The speech is crafted and ready to launch well in advance of an actual emotion-triggering incident, hence assuring a coherent response. (!)

Recently, Apra board member Amy Turbes asked me to create a new elevator speech as part of a toolkit the advocacy committee is developing to help all Apra members self-advocate in their respective shops.

Before this sensitive soul shares said speech with you, it’s worth mentioning my pre-writing process:

For weeks, I looked for language before tackling this small writing exercise, partly because I’m a wurd nerd, but also being careful not to appear self-serving or ‘braggy.’ (Bragging is just not lady-like, I’ve been socialized to believe.) So, I thought about gentle, pleasant words and phrases I could use to describe prospect development efforts at my organization.

Referencing other sources for inspiration was also helpful. If you’re interested in crafting your own elevator speech, please have a look at the American Library Association’s tips here.

I managed to draw up this little diddly which met my own approval:

By ensuring they have access to relevant, accurate and strategic information, I encourage front-line fundraisers to engage our donors in more meaningful ways, ultimately to secure their support.

Stimulating interest, curiosity and awareness about our current and future donors forms a critical part of the strategic support role I play at my organization.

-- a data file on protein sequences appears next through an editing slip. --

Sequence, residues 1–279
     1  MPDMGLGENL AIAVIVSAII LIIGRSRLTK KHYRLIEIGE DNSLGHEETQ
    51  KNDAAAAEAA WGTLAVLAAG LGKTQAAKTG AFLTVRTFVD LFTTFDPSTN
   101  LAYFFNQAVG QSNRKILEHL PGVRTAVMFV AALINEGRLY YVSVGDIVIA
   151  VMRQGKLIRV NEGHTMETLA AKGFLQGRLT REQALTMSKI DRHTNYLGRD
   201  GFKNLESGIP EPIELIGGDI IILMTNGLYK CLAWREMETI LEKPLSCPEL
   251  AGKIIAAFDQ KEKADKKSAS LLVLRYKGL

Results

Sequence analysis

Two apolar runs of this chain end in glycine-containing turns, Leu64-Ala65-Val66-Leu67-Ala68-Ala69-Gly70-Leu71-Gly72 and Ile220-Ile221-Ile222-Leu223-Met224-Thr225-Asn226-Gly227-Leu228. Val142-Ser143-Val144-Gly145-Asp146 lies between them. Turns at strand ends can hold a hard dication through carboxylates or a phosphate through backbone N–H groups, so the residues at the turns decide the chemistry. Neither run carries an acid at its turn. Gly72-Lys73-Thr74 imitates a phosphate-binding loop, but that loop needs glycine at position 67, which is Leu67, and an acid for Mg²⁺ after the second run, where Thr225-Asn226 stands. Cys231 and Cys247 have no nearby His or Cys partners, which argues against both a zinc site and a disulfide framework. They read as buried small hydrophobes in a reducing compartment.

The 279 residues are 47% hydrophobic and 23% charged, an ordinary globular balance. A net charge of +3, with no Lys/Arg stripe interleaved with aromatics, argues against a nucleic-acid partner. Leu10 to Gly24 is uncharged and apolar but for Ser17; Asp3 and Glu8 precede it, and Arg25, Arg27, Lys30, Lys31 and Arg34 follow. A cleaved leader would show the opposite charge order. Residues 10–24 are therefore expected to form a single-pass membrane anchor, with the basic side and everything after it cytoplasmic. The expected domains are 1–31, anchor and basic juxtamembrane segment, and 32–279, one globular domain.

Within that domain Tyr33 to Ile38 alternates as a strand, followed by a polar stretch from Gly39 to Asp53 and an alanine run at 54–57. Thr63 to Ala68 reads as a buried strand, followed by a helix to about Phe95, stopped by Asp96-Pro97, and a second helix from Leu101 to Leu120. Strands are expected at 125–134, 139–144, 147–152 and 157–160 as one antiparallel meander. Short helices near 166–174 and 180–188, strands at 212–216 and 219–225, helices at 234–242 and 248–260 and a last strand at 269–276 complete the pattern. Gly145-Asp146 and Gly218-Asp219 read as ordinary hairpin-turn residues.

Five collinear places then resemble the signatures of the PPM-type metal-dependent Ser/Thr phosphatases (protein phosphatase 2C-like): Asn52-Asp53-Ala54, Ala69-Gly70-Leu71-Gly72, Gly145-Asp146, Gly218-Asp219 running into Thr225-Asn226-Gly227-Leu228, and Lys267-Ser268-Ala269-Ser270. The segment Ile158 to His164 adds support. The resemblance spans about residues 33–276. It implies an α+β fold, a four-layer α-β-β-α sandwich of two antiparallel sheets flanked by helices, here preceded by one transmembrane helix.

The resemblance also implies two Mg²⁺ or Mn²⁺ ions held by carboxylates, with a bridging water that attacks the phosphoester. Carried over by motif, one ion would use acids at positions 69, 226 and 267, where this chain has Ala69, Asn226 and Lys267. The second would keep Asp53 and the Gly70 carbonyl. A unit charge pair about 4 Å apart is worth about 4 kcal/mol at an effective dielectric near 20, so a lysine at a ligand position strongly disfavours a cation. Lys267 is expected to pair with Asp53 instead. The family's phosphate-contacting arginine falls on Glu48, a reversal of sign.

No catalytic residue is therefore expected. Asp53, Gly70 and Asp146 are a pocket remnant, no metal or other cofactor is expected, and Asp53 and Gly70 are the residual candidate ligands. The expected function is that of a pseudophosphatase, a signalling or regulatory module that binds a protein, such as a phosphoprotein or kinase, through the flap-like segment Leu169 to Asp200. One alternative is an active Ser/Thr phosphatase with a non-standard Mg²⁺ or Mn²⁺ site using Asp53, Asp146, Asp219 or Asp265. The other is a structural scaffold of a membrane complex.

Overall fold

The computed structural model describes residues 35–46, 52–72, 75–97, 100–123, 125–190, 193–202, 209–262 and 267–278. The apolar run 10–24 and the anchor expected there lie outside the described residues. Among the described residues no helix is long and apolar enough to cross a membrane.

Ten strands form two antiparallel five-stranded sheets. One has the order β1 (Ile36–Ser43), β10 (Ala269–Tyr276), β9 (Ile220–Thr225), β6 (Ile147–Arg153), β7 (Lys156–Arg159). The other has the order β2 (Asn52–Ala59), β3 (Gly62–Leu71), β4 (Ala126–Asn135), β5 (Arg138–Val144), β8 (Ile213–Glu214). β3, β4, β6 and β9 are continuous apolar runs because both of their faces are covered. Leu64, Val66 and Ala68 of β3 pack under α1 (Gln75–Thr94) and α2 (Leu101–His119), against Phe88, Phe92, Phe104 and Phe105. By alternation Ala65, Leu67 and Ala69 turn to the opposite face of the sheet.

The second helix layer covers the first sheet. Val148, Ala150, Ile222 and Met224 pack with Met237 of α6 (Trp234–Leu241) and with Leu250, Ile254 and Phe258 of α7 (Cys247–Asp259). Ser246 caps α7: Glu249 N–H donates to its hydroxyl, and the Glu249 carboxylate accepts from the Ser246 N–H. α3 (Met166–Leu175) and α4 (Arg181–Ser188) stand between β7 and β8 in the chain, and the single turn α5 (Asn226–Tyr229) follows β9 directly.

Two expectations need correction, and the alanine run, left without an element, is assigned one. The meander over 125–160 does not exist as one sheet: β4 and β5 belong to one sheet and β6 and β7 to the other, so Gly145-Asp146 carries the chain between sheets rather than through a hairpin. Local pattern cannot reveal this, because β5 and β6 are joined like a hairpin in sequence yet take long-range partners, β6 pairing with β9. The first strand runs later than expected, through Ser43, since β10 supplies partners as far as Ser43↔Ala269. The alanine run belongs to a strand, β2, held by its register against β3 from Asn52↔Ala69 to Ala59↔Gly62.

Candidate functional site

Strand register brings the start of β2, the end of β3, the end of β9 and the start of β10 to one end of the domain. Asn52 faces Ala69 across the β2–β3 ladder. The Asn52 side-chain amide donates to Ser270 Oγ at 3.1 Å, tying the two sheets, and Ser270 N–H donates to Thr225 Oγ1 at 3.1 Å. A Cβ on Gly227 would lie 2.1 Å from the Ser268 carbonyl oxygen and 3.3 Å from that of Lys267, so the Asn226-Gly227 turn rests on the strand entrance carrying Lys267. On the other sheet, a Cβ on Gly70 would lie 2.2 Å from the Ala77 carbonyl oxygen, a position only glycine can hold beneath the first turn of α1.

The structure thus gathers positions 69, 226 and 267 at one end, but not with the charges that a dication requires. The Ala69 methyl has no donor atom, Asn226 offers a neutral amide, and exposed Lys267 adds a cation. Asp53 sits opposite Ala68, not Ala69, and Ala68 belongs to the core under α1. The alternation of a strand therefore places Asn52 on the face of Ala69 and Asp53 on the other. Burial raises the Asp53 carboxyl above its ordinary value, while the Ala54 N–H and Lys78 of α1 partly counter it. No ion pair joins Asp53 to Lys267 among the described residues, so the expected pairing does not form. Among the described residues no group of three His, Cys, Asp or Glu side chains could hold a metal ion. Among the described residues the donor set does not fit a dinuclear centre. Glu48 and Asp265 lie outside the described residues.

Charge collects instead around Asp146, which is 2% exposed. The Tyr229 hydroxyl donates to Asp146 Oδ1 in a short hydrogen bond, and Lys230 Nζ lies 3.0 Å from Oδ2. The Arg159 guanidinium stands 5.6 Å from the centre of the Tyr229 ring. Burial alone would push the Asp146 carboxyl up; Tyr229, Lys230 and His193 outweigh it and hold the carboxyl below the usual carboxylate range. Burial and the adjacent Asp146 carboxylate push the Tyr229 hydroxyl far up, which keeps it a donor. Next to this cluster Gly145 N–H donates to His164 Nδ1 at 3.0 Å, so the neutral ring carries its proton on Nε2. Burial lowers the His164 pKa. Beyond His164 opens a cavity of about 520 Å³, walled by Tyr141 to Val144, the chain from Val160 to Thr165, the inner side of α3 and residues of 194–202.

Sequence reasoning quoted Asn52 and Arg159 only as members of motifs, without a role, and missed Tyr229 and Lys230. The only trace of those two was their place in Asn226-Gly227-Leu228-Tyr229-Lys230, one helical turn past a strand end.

Specifically, new funding opportunities that I identify for further consideration always demonstrate financial capacity alongside some linkage or known interest in my organization. I help fundraisers determine the initial approach for these quality leads based on ethically-sourced research and my own humble experiences.

It requires intelligence and preparation to make the right ask at the right time of the right person. My work equips fundraisers with the informed confidence they need to make it happen.

Anything less is just Googling.

Notice how I carefully tempered this self-promotion with non-threatening words: encourage, support, curiosity, help and humble. 

As a social being naturally wanting to be liked, my quest for likability intensifies at work, especially based on the scope of my role. Being conscious of it has helped me self-advocate anyway, as needed. I’d rather be real and effective at work to advance my organization’s goals. Really.

Apparently, Facebook king Mark Zuckerberg agrees. He told Ms Sandberg that her desire to be liked by everyone would hold her back, as relayed in Lean In. “He said that when you want to change things, you can’t please everyone. If you do please everyone, you aren’t making progress.”

Like me or not, I raise a stemless goblet to progressive prospect development during #ResearchPride month!

#IWD2017   #WeAreApra